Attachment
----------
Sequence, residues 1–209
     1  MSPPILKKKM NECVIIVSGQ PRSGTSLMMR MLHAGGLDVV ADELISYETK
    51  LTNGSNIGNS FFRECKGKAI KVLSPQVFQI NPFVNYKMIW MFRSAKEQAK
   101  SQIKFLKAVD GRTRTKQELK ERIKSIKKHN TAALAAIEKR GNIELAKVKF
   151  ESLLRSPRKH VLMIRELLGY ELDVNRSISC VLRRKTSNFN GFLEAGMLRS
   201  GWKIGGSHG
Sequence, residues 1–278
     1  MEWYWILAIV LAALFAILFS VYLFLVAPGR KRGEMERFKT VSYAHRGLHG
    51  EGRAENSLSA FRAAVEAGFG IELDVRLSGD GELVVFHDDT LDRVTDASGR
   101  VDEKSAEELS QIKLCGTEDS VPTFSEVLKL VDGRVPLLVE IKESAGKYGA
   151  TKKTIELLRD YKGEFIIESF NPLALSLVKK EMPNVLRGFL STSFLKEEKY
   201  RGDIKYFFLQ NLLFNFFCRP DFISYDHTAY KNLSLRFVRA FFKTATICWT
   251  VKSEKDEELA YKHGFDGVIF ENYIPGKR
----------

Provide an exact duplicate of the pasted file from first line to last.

Sequence, residues 1–209
     1  MSPPILKKKM NECVIIVSGQ PRSGTSLMMR MLHAGGLDVV ADELISYETK
    51  LTNGSNIGNS FFRECKGKAI KVLSPQVFQI NPFVNYKMIW MFRSAKEQAK
   101  SQIKFLKAVD GRTRTKQELK ERIKSIKKHN TAALAAIEKR GNIELAKVKF
   151  ESLLRSPRKH VLMIRELLGY ELDVNRSISC VLRRKTSNFN GFLEAGMLRS
   201  GWKIGGSHG
Sequence, residues 1–278
     1  MEWYWILAIV LAALFAILFS VYLFLVAPGR KRGEMERFKT VSYAHRGLHG
    51  EGRAENSLSA FRAAVEAGFG IELDVRLSGD GELVVFHDDT LDRVTDASGR
   101  VDEKSAEELS QIKLCGTEDS VPTFSEVLKL VDGRVPLLVE IKESAGKYGA
   151  TKKTIELLRD YKGEFIIESF NPLALSLVKK EMPNVLRGFL STSFLKEEKY
   201  RGDIKYFFLQ NLLFNFFCRP DFISYDHTAY KNLSLRFVRA FFKTATICWT
   251  VKSEKDEELA YKHGFDGVIF ENYIPGKR